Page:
John Metcalfe was CityLab’s Bay Area bureau chief, covering climate change and the science of cities.
Its impacts could be vastly different whether it moves just a bit to the east or west.
Hurricane Matthew smashed into Haiti on Tuesday as the country’s most powerful storm in more than 5 decades, sowing still-unknown carnage in the “largest humanitarian event” since the 2010 earthquake.
On Tuesday night, the tempest bulldozed into Cuba in its second landfall at Category 4 strength. From there Matthew will turn toward the Bahamas and the U.S., where it’ll make things interesting for Southeast residents Thursday and Friday. A hurricane watch for southern Florida warns of “high” peril to life and property, with a “reasonable threat for hurricane force wind of 74 to 110 mph,” a potential for roof and tree damage, and an atmosphere “somewhat favorable for tornadoes.”
Cameras outside the space station captured views of major Hurricane Matthew as it flew 250 miles over the massive storm today. pic.twitter.com/XoLpXvfkKd— Intl. Space Station (@Space_Station) October 4, 2016
Just what impact Matthew will have on the U.S. is still up in the air. On the one hand, it’s not likely to dissipate much; after the Bahamas the “environment is favorable for the hurricane to maintain category 4 status” for at least another day, says the National Hurricane Center. On the other its predicted track straddles the lower East Coast, where a slight movement one way or the other could deliver vastly different consequences.
Here’s more from the hurricane center:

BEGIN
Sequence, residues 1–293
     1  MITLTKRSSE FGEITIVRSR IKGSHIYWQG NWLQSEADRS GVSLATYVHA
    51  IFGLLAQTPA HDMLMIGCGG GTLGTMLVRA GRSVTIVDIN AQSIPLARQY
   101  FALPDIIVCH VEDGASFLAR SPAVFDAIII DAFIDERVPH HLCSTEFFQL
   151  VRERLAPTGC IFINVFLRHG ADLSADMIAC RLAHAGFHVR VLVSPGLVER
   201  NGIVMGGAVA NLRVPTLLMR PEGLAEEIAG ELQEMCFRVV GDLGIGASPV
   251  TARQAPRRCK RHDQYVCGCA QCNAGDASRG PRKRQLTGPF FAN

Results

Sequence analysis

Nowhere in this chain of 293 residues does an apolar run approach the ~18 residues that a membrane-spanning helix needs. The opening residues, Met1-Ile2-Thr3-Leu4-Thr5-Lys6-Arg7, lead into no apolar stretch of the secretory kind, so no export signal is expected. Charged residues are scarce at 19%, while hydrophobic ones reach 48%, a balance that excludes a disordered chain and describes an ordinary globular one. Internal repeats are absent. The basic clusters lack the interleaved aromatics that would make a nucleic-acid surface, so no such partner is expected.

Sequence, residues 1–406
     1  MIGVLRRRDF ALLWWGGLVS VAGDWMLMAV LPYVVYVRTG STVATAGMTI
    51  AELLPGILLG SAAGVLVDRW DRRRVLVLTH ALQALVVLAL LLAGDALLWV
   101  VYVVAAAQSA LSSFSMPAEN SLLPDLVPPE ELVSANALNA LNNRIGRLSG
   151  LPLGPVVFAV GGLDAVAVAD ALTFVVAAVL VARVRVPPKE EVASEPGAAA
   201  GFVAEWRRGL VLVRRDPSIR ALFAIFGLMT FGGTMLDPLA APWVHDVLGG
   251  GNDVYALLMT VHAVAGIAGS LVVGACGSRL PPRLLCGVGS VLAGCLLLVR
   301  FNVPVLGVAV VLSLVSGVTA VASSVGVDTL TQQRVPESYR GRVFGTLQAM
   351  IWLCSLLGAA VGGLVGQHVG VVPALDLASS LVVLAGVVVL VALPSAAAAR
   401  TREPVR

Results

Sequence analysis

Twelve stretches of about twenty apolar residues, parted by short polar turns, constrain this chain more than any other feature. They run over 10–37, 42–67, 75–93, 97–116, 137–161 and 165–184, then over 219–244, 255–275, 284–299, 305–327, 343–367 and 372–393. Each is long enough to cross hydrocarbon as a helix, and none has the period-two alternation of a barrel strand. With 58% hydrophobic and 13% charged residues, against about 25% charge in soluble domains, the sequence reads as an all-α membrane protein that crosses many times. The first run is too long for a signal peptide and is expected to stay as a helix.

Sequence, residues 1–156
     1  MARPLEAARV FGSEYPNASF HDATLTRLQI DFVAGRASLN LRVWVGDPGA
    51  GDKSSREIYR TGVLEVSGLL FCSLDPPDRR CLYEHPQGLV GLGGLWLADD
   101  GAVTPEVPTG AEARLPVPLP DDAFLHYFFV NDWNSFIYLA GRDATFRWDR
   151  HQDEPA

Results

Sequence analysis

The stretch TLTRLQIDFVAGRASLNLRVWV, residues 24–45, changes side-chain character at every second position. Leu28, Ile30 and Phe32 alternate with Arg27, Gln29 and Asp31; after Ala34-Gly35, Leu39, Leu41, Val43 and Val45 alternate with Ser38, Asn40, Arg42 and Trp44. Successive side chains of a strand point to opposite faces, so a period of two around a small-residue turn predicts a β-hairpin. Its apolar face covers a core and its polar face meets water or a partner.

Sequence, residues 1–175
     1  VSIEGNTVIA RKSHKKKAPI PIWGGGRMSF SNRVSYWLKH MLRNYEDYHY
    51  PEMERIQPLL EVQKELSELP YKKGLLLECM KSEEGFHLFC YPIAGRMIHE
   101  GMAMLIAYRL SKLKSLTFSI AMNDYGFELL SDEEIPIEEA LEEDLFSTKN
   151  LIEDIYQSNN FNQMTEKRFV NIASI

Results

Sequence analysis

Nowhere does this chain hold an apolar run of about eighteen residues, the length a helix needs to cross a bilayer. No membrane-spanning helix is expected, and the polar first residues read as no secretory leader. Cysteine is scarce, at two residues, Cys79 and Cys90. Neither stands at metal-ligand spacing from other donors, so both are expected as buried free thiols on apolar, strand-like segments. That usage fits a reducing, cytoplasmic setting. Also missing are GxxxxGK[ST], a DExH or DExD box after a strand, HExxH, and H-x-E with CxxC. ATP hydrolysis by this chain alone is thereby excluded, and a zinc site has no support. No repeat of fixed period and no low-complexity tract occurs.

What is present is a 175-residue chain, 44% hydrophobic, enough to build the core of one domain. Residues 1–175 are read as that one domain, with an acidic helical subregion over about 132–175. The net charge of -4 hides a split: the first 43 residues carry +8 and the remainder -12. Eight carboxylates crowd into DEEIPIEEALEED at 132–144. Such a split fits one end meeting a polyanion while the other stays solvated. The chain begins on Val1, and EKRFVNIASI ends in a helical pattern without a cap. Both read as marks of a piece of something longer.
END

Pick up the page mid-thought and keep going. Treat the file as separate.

When a hurricane is forecast to take a track roughly parallel to a coastline, as Matthew is forecast to do from Florida through South Carolina, it becomes very difficult to estimate impacts this far in advance. For example, only a small deviation of the track to the left of the NHC forecast could bring the core of a major hurricane onshore, while a small deviation to the right could keep all of the hurricane-force winds offshore. It will likely take another day or so for the potential impacts of Matthew in the United States to clarify.
Tropical storm or hurricane conditions could affect portions of Florida north of the current Hurricane Watch area, Georgia, South Carolina, and North Carolina later this week or this weekend, even if the center of Matthew remains offshore. It is too soon to specify what, if any, direct impacts Matthew might have on the remainder of the U.S. east coast farther to the north. At a minimum, very dangerous beach and boating conditions are likely along much of the U.S. east coast later this week and weekend.
One thing that’s nearly certain is it will be a sopping time for the Southeast. Rainfall amounts off the coast of Florida could top 14 inches over three days, as seen in this precipitation forecast from the Weather Prediction Center: